Design Activism – Guerilla Marketing

Guerilla marketing is a communication strategy that thrives on the surprise effect, in which topics and ideas are staged in an attention-grabbing way. The main aim is to draw attention to one’s brand, product, company or a specific topic through unconventional measures. Often a rather small budget is available, with which the greatest possible advertising effect is nevertheless to be achieved.

Behind the term guerrilla marketing is the marketing professional Jay C. Levinson, who developed the basic concept back in the 1980s. Moreover, the term is derived from military language.  Guerrilla warfare is a form of warfare in which one tries to weaken the opponent through unconventional tactics.

The special thing about guerrilla marketing is that the actions normally can’t be repeated simply and unchanged; moreover, consumers are addressed directly and personally. The aim is that the surprise effect of the campaign creates enough buzz that it spreads by itself via word of mouth and social media. Since the surprise effect would be lost if an action were repeated exactly the same, one would also lose the interest of the public.

So how does guerrilla marketing work?

A guerrilla marketing campaign will mainly take place on places and objects where one does not expect advertising. There are the most diverse areas of application, such as escalators, furniture, cars, public benches or even street actions and stagings, such as flash mobs, can be part of it. The actions aim to shock or even scare consumers, break taboos or ridicule the competition. In summary, it aims to touch consumers emotionally through a personal experience.

In contrast to classic advertising, when using guerrilla marketing you do not struggle to stand out from thousands of other advertisements. However, this is exactly why such campaigns have to be planned precisely.

Risks of guerrilla marketing

One risk of guerrilla marketing that should not be underestimated is that the viral effect cannot be controlled. In the worst case, a campaign that goes viral can also develop in a negative direction, anger the target group, lead to a shitstorm, loss of image and sales. Therefore, it is also advisable to play through all possible scenarios and the necessary reactions in case of emergency when planning such campaigns. 
Moreover, guerrilla marketing often moves in legal grey areas. 

Success factors of guerrilla marketing

It is important for a successful guerrilla marketing campaign that it fits the brand and its target group. In order for consumers to engage with the campaign, direct and immediate points of contact should be created during the campaign. With a cross-media approach, the chances of a successful campaign are even higher, for example by involving the target group and encouraging them to post content on the internet.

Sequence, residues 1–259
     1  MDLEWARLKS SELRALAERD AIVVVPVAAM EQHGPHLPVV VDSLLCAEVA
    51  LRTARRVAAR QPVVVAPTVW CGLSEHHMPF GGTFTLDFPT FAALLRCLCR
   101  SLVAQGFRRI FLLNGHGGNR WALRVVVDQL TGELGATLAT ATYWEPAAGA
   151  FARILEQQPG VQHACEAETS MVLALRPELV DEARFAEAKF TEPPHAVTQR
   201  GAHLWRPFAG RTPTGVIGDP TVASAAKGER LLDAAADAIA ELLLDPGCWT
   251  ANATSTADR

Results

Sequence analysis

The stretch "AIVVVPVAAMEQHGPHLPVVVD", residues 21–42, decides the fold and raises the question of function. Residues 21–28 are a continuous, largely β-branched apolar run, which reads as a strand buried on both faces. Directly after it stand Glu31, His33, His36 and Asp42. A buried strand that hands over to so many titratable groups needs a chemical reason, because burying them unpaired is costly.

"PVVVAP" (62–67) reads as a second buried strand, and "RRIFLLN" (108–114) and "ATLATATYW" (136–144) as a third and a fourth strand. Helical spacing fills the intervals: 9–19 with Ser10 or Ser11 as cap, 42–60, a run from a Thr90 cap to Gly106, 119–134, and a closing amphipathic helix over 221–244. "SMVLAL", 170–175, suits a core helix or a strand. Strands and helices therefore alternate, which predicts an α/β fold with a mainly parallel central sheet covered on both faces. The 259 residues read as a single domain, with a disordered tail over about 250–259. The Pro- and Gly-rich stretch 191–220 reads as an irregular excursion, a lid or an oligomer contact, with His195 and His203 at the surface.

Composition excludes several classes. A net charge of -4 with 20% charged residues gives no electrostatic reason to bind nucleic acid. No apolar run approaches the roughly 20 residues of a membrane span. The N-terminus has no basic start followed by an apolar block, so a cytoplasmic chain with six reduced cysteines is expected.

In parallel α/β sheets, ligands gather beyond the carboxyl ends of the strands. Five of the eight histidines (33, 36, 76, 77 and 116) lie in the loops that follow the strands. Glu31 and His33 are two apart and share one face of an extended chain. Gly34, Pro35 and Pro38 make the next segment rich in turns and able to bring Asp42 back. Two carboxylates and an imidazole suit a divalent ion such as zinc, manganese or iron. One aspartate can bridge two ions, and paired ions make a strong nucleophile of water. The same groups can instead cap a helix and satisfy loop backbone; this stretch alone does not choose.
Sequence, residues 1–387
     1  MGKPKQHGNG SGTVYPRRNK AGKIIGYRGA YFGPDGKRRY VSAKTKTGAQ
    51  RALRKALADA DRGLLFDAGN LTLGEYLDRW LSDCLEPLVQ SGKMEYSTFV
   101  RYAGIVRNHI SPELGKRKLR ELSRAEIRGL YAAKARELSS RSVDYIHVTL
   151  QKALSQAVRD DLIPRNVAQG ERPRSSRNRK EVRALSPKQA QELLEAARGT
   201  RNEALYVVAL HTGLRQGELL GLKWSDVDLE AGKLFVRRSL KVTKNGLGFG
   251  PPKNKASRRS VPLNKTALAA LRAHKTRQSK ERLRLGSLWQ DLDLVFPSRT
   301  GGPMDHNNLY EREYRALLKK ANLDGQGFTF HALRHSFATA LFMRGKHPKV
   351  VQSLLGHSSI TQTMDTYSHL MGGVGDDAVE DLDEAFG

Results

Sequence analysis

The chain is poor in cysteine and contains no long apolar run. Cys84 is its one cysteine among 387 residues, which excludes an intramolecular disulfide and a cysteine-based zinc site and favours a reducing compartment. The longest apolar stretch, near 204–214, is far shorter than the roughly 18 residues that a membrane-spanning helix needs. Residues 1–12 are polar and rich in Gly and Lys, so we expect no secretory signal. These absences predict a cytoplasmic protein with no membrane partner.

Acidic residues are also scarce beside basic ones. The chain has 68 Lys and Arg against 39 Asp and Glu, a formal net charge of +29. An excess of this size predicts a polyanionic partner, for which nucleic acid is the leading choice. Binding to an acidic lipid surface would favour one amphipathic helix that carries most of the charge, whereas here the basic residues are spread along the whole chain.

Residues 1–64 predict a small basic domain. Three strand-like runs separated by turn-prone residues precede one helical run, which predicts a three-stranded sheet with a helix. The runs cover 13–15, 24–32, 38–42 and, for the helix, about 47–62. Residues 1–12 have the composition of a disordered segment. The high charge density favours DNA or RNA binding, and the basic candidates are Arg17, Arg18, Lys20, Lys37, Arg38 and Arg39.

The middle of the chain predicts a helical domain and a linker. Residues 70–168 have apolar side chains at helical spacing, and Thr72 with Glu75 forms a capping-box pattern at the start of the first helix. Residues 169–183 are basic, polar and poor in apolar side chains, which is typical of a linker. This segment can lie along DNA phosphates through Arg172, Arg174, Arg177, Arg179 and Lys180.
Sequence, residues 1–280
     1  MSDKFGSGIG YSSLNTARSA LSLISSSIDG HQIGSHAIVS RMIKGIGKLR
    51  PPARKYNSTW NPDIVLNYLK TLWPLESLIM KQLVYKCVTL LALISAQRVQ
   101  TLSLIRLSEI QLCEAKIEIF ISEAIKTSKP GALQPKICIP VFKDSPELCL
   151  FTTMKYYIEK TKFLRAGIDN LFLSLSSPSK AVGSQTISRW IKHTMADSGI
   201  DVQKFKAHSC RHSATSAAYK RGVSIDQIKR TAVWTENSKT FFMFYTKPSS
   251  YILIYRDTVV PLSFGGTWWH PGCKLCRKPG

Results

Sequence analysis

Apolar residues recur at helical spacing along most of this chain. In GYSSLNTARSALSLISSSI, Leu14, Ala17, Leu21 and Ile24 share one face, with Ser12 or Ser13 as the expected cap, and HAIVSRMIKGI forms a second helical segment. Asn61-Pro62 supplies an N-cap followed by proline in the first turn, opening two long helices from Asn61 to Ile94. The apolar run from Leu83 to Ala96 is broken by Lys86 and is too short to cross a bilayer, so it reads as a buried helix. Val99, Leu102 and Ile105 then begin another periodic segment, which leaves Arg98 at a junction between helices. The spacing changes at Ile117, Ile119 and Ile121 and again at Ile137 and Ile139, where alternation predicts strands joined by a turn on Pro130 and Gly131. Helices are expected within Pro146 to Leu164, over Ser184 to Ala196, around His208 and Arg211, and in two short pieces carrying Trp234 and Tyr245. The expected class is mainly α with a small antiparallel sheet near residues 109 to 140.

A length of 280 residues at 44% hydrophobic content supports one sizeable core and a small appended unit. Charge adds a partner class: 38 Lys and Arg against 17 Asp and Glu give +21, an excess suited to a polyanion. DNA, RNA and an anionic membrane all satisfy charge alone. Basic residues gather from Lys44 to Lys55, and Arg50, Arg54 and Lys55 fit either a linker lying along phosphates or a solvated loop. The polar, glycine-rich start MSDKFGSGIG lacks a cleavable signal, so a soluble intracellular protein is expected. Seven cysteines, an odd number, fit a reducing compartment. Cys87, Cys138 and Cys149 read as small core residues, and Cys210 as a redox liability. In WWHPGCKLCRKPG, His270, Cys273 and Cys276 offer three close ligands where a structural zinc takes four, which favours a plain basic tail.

Four types of guerrilla marketing

Ambient marketing refers to surprising product stagings that reach consumers in their normal environment. This is the unusual implementation of outdoor advertising in public spaces. Ambient marketing can mean, for example, innovative advertising at the airport, on buses and trains or in restaurants. Possible advertising media are, for example, beer mats, postcards or toilet seats in pubs.

Ambush marketing is also called free-rider marketing. In this case, the attention for a topic or an event is used to put one’s own brand in the limelight. Ambush marketing is also frequently used at major events to carry out an image transfer to one’s own brand.
This form of marketing is, however, controversial, as with this form of advertising an association with an event is, so to speak, tricked.

Sensation marketing involves unusual actions or spectacular installations, for example at the point of sale. Multipliers, such as promoters, are used for this. Examples of sensation marketing are surprising fashion shows or flash mobs in the pedestrian zone.

Viral marketing is about achieving as much attention as possible in the respective target group as quickly as possible. Viral marketing aims to spread content virally, for example by consumers recommending or sharing it personally via word of mouth or online via social media.

Beispiele klassischen Guerilla Marketings

Once consumers are done with their ice cream, the message printed on the tip of the stick shaped like a toothbrush reveals “Don’t Forget” with the Colgate logo. This simple message effectively reminded consumers to brush their teeth.
To draw attention to human trafficking, Amnesty International also decided to use sensation marketing. Suddenly, transparent suitcases containing real people appeared on the luggage tapes. A shocking advertisement that is sure to stick in the mind and be retold.
Nike Guerilla Marketing to talk about, but also to get angry about

Guerrilla Campaign Packages Garbage as Seafood

The Advertising Agency Saatchi & Saatchi created a Guerrilla Campaign for Surfrider Foundation to put beach pollution into perspective. Therefore, trash was collected from various beaches, packaged, so that it looked like seafood and displayed at local farmers’ markets. With this campaign they wanted to raise awareness for the need to keep our oceans clean.